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The new Lampoon issue and the word Transition: to define where we are today

Take it for granted, no excuse: nothing will be ever the same as it was before. It’s a moment of transition 

Transition: a definition

Three years ago, I used the word resilient on the cover of Lampoon – a word that, today, allows us to define the moments we were living in before the pandemic: we were resilient in the face of political populism, a reactive America and a society in which intellectual integrity was dismantled by digital data. My job as an Editor is to use the right words; words I choose and weigh up. Today, I am writing a different one: transition. In the same way, this word defines the times in which we are living today. This is a moment of transfer from a rejected dimension to a dimension not yet conceived. We are going through this process of change to adapt to a new dimension – unable to think clearly, we understand little but feel just enough.

What means luxury today

I keep going back to words. Today, the word luxury has no proper use – or worse, is met with derogatory connotations. It lacks a positive message. The concept of luxury, in the collective imagination, appears as almost the opposite of civil commitment. Rhetoric during the pandemic, for instance, could provide examples of this that I would rather leave out. However, the word luxury can be redefined. Luxury can find an ethical role and it can do so by utilizing its main assets: firstly, the aspiration of the masses which can become an educational power; second, the brand equity that allows the construction of arbitrary selling prices – thanks to which, the luxury sector could support new and experimental, sustainable manufacturing practices, while continuing to feed economic growth.

If I decide to spend a lot of money on a jacket, its fabric cannot be produced from a cotton that has been picked, processed, spun and embroidered by underpaid workers, or child labor; if I spend 500 euros on a pair of jeans, I cannot be thinking that by washing them in the machine, I will release microplastics into the water that, in turn, will end up in the intestines of fish or the placentas of women (microplastics in our water is perhaps the most severe and damaging impact that the textile industry has that is yet to be exposed to a global audience). If I can afford to spend more than others, then I am no longer fascinated by the brilliance of the workmanship, the softness of the fabric, the embroidery, the gilded refinement or the design – when the seams have been sewn with plastic threads.

ALL THE WAY AROUND, PH AND ARTWORK MARIE TOMANOVA, STYLING KATE VITAMIN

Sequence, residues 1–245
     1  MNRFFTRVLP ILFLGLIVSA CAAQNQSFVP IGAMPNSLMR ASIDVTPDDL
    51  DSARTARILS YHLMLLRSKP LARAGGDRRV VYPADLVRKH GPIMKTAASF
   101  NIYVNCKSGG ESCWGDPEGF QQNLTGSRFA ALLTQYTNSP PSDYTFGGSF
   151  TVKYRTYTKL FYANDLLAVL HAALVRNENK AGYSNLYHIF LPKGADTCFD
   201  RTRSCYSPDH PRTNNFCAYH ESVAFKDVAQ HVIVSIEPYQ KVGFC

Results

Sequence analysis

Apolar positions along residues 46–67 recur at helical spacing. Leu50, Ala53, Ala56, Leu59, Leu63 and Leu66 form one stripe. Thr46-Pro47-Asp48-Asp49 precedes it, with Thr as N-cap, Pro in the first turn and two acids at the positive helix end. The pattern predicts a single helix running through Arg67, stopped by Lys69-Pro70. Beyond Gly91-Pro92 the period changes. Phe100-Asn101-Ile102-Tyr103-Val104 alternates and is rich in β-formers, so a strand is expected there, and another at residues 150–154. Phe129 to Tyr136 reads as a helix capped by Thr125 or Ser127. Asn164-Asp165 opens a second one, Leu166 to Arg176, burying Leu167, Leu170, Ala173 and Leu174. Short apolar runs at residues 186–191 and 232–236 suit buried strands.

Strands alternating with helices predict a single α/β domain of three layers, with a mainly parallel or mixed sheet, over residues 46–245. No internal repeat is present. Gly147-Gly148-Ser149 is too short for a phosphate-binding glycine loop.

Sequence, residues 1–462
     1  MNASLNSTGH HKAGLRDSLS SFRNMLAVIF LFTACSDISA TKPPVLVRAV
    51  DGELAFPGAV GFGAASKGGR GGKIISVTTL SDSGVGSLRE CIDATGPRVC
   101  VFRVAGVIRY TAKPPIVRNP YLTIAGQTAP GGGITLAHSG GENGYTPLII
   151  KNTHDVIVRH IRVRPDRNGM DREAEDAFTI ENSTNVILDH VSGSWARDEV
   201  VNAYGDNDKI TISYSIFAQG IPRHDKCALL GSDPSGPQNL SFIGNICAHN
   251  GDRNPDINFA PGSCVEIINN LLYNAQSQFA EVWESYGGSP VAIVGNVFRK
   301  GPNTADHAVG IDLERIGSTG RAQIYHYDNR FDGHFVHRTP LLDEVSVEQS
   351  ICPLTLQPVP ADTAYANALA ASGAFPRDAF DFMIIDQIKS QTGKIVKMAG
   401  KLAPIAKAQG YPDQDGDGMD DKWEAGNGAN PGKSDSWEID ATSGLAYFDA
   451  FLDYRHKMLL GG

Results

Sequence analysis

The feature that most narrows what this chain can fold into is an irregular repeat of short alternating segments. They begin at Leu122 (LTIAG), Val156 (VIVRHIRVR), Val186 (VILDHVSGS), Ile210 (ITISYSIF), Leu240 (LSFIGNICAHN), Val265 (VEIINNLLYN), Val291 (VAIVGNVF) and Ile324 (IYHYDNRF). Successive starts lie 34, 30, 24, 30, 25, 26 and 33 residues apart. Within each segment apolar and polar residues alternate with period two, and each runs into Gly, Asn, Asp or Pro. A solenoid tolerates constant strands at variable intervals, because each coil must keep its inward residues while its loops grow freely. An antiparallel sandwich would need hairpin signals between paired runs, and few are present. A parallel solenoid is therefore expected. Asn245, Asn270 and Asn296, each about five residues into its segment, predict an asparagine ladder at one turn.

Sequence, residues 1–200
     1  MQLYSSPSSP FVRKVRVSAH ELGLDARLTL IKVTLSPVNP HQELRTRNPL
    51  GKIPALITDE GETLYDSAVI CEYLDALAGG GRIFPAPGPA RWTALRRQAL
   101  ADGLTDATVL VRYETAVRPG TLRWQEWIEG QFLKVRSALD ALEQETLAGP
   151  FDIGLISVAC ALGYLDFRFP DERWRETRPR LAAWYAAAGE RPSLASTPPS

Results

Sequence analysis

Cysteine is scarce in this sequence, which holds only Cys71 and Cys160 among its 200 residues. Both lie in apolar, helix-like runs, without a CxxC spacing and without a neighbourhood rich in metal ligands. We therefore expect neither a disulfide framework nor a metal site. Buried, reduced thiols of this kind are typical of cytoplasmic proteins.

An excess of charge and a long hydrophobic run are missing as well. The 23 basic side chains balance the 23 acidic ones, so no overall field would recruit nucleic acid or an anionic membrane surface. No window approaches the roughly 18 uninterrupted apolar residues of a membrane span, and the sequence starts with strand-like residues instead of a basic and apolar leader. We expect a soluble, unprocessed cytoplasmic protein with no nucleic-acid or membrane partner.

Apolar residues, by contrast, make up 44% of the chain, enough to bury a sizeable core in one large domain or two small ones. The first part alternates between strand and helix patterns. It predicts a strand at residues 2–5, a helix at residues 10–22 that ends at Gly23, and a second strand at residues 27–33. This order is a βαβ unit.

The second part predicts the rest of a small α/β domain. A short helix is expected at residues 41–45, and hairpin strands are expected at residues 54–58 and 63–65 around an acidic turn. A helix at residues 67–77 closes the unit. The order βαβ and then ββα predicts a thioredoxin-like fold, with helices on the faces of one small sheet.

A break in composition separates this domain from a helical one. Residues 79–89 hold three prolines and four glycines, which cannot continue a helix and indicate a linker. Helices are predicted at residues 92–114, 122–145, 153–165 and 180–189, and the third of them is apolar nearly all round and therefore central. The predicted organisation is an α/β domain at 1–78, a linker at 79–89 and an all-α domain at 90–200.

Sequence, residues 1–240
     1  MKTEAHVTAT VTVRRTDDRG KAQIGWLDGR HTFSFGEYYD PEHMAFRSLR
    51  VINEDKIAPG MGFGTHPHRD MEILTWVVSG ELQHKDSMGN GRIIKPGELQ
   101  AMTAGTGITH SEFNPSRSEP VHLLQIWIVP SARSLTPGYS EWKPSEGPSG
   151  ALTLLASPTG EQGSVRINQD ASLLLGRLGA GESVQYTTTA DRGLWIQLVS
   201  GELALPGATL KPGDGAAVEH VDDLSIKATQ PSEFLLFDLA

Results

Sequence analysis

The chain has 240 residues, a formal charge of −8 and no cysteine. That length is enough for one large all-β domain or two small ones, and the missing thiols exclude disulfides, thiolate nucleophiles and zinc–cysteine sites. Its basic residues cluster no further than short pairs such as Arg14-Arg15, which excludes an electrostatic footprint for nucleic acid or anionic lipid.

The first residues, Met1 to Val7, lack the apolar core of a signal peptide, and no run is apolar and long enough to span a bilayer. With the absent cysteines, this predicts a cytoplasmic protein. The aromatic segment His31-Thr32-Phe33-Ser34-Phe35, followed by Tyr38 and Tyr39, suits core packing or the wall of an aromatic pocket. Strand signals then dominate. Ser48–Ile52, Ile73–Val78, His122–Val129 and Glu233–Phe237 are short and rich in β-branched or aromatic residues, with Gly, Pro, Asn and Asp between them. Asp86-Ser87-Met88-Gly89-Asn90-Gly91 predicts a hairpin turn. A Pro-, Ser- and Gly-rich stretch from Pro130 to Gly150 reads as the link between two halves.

The need for a shift in the marketing’s narratives

I am forty-one years old; what I am writing is much more valuable for those who are twenty, those young people towards whom marketing efforts are directed. Marketing, today, is nothing more than a self serving operation aimed at producing a positive brand image. Are you more impressed by the thousands of billboards you see hung in your cities streets, or by hundreds of trees gifted to local communities? Biodiversity projects and regenerative agriculture; these are the narratives that brands could be using to connect with conscious customers more deeply; if aimed with precision, these are the narratives that would build trust.

Sustainability – an outdated word

Sustainability – another outdated word. A better word to choose would be transparency. It’s about blockchains, short supply chains, natural fibers and 100% biodegradable viscose. Fashion can exist, be defined and appreciated today, if creativity is carried out with respect: a respect that leads to production without petroleum derivatives coming into contact with our skin, that does not mix nylon and cellulose, that does not continue to produce further damage. Reading their tags, I find fabrics composed of cotton, silk, viscose and polyester. It’s not about end-of-life and recycling; it’s about every single revolution in the washing machine, during which these garments will release unrecoverable microplastics into our water. Italy is the largest textile manufacturer in the world and hardly works with any raw materials produced nationally. It remains a mystery as to why the laws do not better protect the code of Made in Italy which, today, stands impoverished, despite its considerable contribution to the national GDP.

Transparency, sustainability, humanity

There are no more critical words when defining the new luxury. If luxury doesn’t make these values attractive and desirous, luxury will lose itself. You can be a young talent or a master: we all just need to do what we do best. Removing the anxieties surrounding instant and numerical success, we need to redefine expectations on every level. A long-term strategy and sincerity of purpose will give us all the satisfaction we are asking for. We are in transition; we don’t know what we’re becoming yet, but we know what we’re looking for. Before, we wanted something easy and attainable: success, money, fame. Now, we want something bigger: to save the world so that we can slow down and sit in the shade of a tree. To achieve this, we only need the tools we already have: honesty, curiosity – and, of course, that single falling tear that we wait for every morning, that we name love.

Lampoon, The Transition Issue

Out worldwide on April 9th
Or buy it online at Lampoon / Prototipo Store

Editor in Chief

The writer does not work for, consult, own shares in or receive funding from any company or organization that would benefit from this article.

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